[SRU][X][PATCH 0/2] Fixes for LP: #1715519/CVE 2018-1000026
daniel.axtens at canonical.com
Mon Feb 12 04:41:58 UTC 2018
From: Daniel Axtens <dja at axtens.net>
A ppc64le system runs as a guest under PowerVM. This guest has a bnx2x
card attached, and uses openvswitch to bridge an ibmveth interface for
traffic from other LPARs.
We see the following crash sometimes when running netperf:
May 10 17:16:32 tuk6r1phn2 kernel: bnx2x: [bnx2x_attn_int_deasserted3:4323(enP24p1s0f2)]MC assert!
May 10 17:16:32 tuk6r1phn2 kernel: bnx2x: [bnx2x_mc_assert:720(enP24p1s0f2)]XSTORM_ASSERT_LIST_INDEX 0x2
May 10 17:16:32 tuk6r1phn2 kernel: bnx2x: [bnx2x_mc_assert:736(enP24p1s0f2)]XSTORM_ASSERT_INDEX 0x0 = 0x00000000 0x25e42a7e 0x00462a38 0x00010052
May 10 17:16:32 tuk6r1phn2 kernel: bnx2x: [bnx2x_mc_assert:750(enP24p1s0f2)]Chip Revision: everest3, FW Version: 7_13_1
May 10 17:16:32 tuk6r1phn2 kernel: bnx2x: [bnx2x_attn_int_deasserted3:4329(enP24p1s0f2)]driver assert
May 10 17:16:32 tuk6r1phn2 kernel: bnx2x: [bnx2x_panic_dump:923(enP24p1s0f2)]begin crash dump -----------------
... (dump of registers follows) ...
Subsequent debugging reveals that the packets causing the issue come
through the ibmveth interface - from the AIX LPAR. The veth protocol
is 'special' - communication between LPARs on the same chassis can use
very large (64k) frames to reduce overhead. Normal networks cannot
handle such large packets, so traditionally, the VIOS partition would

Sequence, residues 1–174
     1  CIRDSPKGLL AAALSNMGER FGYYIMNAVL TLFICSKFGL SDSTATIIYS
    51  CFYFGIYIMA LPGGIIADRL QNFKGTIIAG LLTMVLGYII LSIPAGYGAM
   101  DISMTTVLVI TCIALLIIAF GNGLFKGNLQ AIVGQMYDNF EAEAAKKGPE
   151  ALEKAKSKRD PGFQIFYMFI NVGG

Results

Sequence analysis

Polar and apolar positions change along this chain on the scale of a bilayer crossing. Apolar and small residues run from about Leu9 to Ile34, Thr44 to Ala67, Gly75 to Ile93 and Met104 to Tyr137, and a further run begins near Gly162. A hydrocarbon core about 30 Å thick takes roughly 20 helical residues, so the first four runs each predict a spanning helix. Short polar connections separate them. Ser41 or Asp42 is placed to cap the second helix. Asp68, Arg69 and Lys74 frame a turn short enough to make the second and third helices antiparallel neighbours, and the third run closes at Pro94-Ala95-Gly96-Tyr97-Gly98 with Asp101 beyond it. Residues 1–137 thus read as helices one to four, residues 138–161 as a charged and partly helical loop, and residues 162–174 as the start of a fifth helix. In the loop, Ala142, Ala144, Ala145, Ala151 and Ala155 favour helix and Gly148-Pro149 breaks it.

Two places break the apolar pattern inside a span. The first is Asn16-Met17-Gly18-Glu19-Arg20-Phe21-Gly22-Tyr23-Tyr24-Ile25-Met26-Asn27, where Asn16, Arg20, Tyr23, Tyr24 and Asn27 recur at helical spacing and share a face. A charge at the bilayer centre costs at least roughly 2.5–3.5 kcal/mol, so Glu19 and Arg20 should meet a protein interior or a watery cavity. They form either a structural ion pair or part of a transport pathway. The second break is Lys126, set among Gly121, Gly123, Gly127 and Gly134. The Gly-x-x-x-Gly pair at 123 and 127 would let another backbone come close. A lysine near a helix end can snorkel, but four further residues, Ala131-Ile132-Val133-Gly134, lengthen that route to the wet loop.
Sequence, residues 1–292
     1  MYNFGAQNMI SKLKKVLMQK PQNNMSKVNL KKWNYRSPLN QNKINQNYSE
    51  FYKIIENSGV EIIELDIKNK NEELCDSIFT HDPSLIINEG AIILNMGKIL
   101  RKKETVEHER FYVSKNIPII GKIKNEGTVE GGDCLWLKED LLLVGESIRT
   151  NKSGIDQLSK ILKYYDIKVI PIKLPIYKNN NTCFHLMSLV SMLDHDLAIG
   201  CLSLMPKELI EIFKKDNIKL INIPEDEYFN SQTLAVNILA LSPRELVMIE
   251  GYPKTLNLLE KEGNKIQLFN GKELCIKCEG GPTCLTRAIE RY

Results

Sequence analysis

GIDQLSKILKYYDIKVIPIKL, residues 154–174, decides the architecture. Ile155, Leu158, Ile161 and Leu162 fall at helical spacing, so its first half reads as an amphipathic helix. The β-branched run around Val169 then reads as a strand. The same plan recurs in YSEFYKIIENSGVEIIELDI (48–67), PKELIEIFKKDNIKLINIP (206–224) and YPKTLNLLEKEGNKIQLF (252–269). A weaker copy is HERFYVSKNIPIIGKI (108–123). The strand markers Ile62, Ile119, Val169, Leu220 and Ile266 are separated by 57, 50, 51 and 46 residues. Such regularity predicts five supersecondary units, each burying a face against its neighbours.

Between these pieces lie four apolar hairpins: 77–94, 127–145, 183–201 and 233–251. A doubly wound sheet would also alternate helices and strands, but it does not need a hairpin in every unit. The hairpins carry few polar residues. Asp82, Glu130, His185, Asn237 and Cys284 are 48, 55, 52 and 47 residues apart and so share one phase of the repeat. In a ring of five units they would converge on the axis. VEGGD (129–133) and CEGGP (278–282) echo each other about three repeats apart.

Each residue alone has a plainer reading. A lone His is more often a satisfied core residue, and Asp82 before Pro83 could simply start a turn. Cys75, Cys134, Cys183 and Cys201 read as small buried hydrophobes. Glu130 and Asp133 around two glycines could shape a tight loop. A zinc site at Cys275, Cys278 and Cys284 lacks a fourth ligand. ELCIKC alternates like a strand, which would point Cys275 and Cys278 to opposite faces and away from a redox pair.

signal to the AIX partitions that it was 'special', and AIX would send
regular, ethernet-sized packets to VIOS, which VIOS would then send
This signalling between VIOS and AIX is done in a way that is not
standards-compliant, and so was never made part of Linux. Instead, the
Linux driver has always understood large frames and passed them up the
In some cases (e.g. with TCP), multiple TCP segments are coalesced
into one large packet. In Linux, this goes through the generic receive
offload code, using a similar mechanism to GSO. These segments can be
very large which presents as a very large MSS (maximum segment size)
Normally, the large packet is simply passed to whatever network
application on Linux is going to consume it, and everything is OK.
However, in this case, the packets go through Open vSwitch, and are
then passed to the bnx2x driver. The bnx2x driver/hardware supports
TSO and GSO, but with a restriction: the maximum segment size is
limited to around 9700 bytes. Normally this is more than
adequate. However, if a large packet with very large (>9700 byte) TCP
segments arrives through ibmveth, and is passed to bnx2x, the hardware
bnx2x card panics, requiring power cycle to restore functionality.
The workaround is turning off TSO, which prevents the crash as the
kernel resegments *all* packets in software, not just ones that are
too big. This has a performance cost.
Test packet size in bnx2x feature check path and disable GSO if it is
A/B/X: The changes to the network core are easily reviewed. The
changes to behaviour are limited to the bnx2x card driver.
The most likely failure case is a false-positive on the size check,
which would lead to a performance regression only.
T: This also involves a different change to the networking core to add
the old-style GSO checking, which is more invasive. However the
changes are simple and easily reviewed.
Daniel Axtens (2):
net: create skb_gso_validate_mac_len()
bnx2x: disable GSO where gso_size is too big for hardware
drivers/net/ethernet/broadcom/bnx2x/bnx2x_main.c | 15 +++++++++
include/linux/skbuff.h | 16 +++++++++
net/core/skbuff.c | 42 ++++++++++++++++++++++++
net/sched/sch_tbf.c | 10 ------
4 files changed, 73 insertions(+), 10 deletions(-)
More information about the kernel-team